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CHAPTER NINE
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presence of low levels of oxygen (ie, less than required for complete combustion to carbon dioxide and water) Above certain temperatures the biomass will break down into a gas stream and a solid residue The composition of the gas stream is influenced by the operating conditions for the gasifier, with some gasification processes more suited than others to producing a gas for methanol production In particular, simple gasification with air creates a synthesis gas stream that is diluted with large quantities of nitrogen This nitrogen is detrimental to subsequent processing to methanol and so techniques using indirect gasification or an oxygen feed are preferred For large-scale gasification, pressurized systems are considered to be more economic than atmospheric systems Once the economic optimum synthesis gas is available the methanol synthesis takes place This typically uses a copper-zinc catalyst at temperatures of 200 to 280 C and pressures of 50 to 100 atm The crude methanol from the synthesis loop contains water produced during synthesis as well as other minor by-products Purification is achieved in multistage distillation, with the complexity of distillation dictated by the final methanol purity required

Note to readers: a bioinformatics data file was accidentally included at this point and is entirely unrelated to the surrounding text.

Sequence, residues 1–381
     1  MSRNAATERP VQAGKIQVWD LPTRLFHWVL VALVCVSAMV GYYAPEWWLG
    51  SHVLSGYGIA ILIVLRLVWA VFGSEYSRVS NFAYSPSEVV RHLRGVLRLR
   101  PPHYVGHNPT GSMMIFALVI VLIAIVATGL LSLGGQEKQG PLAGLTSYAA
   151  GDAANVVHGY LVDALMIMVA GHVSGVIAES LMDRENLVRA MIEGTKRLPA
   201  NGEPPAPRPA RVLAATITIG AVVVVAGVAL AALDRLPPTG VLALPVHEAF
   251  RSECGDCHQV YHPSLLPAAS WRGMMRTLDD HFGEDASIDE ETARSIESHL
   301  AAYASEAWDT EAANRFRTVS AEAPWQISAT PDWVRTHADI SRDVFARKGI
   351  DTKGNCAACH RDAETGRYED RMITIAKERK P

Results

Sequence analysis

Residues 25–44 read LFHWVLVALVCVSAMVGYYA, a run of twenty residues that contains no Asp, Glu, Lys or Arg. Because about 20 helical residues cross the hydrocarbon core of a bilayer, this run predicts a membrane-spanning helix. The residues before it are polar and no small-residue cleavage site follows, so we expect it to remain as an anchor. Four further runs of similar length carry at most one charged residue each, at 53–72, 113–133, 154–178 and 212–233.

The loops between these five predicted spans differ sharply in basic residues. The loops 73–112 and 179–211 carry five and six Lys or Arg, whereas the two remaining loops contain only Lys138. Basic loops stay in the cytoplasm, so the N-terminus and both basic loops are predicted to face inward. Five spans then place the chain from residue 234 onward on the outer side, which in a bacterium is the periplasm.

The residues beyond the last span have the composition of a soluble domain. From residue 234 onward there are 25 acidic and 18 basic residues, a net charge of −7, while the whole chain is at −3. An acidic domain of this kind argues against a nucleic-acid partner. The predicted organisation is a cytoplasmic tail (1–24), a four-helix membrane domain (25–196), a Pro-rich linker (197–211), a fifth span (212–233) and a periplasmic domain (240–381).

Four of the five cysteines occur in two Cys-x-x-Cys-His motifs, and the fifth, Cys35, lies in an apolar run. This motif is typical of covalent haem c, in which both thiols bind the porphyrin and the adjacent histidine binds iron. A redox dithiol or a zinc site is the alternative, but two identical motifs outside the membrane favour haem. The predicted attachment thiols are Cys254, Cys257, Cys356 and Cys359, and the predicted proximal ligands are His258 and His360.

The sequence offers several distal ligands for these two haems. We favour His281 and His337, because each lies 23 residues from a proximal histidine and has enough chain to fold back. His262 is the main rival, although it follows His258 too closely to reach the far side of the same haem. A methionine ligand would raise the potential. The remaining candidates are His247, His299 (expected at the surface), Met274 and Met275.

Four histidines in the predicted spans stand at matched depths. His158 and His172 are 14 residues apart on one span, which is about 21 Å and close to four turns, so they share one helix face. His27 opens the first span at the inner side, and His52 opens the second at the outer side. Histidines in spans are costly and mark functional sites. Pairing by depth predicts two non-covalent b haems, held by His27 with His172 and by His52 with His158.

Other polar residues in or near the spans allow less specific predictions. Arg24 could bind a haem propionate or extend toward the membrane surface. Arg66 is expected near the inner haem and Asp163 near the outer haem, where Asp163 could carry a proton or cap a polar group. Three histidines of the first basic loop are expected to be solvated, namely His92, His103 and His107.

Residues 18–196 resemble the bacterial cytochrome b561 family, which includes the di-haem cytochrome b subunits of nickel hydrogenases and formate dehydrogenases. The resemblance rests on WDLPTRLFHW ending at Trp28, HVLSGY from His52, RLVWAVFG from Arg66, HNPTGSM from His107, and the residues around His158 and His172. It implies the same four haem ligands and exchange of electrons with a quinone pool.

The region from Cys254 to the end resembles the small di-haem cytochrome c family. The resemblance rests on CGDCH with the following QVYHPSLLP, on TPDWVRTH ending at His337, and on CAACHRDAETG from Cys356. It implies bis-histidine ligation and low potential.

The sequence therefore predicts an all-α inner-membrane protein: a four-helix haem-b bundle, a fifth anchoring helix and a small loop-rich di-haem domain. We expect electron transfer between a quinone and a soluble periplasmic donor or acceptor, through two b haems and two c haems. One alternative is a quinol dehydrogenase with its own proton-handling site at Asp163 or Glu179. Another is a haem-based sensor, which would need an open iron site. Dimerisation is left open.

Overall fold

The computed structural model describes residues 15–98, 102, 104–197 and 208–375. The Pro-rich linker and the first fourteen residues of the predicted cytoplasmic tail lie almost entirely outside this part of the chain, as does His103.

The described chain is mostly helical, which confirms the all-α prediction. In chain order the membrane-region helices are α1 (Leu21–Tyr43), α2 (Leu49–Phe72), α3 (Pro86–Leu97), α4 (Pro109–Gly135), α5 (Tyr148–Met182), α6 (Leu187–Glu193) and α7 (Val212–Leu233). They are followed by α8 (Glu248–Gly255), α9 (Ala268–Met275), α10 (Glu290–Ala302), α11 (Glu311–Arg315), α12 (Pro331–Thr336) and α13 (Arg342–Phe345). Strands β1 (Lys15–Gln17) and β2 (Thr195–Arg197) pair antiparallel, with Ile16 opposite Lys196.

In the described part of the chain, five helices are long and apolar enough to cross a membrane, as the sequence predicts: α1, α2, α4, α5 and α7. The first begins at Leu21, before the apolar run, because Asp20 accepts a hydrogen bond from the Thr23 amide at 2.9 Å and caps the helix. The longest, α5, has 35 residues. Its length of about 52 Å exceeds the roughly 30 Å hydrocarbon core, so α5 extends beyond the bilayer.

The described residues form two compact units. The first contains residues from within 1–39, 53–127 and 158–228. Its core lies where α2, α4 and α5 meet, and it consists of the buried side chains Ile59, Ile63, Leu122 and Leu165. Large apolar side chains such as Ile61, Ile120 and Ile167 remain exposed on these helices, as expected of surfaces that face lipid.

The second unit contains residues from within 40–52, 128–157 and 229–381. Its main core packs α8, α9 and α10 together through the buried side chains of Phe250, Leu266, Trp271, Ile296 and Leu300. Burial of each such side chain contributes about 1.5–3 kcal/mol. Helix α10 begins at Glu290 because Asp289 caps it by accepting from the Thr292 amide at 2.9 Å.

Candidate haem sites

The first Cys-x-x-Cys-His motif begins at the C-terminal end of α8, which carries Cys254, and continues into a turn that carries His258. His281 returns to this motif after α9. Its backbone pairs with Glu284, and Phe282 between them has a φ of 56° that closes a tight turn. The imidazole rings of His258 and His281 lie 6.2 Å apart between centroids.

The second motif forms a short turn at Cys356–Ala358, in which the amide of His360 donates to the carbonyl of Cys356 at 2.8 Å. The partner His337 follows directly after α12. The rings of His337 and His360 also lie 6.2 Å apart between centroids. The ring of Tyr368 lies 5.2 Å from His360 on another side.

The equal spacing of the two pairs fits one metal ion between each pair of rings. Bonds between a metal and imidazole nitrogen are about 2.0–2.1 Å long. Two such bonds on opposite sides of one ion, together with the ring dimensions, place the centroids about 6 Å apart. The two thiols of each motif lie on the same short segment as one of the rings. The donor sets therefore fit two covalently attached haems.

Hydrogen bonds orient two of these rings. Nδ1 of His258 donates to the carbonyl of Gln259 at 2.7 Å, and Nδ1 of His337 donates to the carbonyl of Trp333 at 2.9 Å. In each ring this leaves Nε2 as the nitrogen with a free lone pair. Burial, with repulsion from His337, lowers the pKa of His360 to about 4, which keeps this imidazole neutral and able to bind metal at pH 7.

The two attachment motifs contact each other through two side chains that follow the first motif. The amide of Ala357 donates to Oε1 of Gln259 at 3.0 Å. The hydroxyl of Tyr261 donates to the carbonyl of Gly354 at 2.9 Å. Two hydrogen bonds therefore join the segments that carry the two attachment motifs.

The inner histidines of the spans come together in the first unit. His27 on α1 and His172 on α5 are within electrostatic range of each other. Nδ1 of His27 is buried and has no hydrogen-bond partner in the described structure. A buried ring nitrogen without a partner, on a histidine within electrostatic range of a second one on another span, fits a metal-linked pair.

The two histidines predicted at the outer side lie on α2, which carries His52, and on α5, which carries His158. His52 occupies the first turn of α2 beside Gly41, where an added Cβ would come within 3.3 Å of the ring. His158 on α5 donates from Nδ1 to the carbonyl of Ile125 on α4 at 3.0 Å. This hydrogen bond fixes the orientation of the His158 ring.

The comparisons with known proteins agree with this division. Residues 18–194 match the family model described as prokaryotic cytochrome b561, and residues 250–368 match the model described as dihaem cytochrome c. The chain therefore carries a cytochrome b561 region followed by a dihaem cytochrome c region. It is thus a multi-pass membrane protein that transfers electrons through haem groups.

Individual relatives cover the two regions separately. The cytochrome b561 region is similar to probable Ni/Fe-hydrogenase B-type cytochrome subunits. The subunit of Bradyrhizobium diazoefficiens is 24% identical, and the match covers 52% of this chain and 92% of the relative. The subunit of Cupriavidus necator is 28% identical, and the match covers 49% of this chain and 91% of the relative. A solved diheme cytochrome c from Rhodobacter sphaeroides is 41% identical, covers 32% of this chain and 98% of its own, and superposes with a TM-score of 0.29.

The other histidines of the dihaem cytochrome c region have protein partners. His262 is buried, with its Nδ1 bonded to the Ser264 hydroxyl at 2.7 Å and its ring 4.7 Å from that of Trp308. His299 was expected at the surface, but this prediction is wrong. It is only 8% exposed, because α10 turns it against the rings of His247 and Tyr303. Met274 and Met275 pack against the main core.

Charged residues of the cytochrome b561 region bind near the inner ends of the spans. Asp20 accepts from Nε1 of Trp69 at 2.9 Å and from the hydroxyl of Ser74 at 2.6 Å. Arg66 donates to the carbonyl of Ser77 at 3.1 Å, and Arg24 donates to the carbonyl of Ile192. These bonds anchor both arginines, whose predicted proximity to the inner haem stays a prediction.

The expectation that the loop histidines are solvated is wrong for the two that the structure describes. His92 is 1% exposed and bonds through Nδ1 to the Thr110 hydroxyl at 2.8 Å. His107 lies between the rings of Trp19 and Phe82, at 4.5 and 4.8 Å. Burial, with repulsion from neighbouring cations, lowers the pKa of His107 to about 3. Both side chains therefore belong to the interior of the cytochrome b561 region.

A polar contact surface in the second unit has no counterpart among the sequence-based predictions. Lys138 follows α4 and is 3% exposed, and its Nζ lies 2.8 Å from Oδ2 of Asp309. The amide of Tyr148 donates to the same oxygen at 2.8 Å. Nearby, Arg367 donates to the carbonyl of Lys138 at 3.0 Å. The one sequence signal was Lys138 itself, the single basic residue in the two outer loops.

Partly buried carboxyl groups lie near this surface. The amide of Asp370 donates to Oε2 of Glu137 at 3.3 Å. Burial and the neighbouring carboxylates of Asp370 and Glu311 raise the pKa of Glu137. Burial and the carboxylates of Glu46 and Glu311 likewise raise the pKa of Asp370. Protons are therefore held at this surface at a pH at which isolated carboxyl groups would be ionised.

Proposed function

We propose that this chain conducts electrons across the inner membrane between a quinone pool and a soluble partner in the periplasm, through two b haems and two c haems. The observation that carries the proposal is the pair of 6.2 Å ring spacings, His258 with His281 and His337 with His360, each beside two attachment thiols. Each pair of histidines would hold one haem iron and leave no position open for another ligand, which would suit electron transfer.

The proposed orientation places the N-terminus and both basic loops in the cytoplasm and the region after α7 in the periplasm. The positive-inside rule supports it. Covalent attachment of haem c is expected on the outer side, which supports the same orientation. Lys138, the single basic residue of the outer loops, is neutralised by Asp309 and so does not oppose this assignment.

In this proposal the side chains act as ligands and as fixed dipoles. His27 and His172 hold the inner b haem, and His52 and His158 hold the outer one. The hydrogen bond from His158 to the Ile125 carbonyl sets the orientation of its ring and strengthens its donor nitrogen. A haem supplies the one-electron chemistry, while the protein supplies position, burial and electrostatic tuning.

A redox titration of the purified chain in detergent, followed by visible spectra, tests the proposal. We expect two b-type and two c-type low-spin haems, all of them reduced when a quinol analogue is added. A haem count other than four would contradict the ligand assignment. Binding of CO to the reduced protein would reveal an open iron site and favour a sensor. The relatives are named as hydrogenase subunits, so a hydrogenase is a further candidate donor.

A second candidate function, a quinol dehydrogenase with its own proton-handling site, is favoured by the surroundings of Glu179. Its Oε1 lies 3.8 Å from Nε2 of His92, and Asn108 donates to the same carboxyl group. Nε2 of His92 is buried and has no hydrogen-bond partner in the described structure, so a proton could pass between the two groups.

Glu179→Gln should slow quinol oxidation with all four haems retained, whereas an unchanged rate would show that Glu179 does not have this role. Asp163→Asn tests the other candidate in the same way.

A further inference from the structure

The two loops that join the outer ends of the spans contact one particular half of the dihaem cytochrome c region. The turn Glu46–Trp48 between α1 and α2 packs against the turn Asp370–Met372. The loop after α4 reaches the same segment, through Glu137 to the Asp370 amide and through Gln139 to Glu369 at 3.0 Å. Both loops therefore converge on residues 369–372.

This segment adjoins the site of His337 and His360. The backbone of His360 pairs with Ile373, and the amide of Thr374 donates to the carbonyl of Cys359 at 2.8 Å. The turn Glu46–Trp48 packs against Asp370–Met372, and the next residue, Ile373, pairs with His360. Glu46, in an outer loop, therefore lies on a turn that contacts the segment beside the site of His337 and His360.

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942 Propanol and Butanol Propanol and butanol are considerably less toxic and less volatile than methanol In particular, butanol has a high flash point of 35 C (95 F), which is a benefit for fire safety, but may be a difficulty for starting engines in cold weather The fermentation processes to produce propanol and butanol from cellulose are fairly tricky to execute, and the Clostridium acetobutylicum currently used to perform these conversions produces an extremely unpleasant smell, and this must be taken into consideration when designing and locating a fermentation plant This organism also dies when the butanol content of whatever it is fermenting rises to 7 percent For comparison, yeast dies when the ethanol content of its feedstock hits 14 percent Specialized strains can tolerate even greater ethanol concentrations so-called turbo yeast can withstand up to 16 percent ethanol However, if ordinary Saccharomyces yeast can be modified to improve its ethanol resistance, scientists may yet one day produce a strain of the Weizmann organism with a butanol resistance higher than the natural boundary of 7 percent This would be useful because butanol has a higher energy density than ethanol, and because waste fiber left over from sugar crops used to make ethanol could be made into butanol, raising the alcohol yield of fuel crops without there being a need for more crops to be planted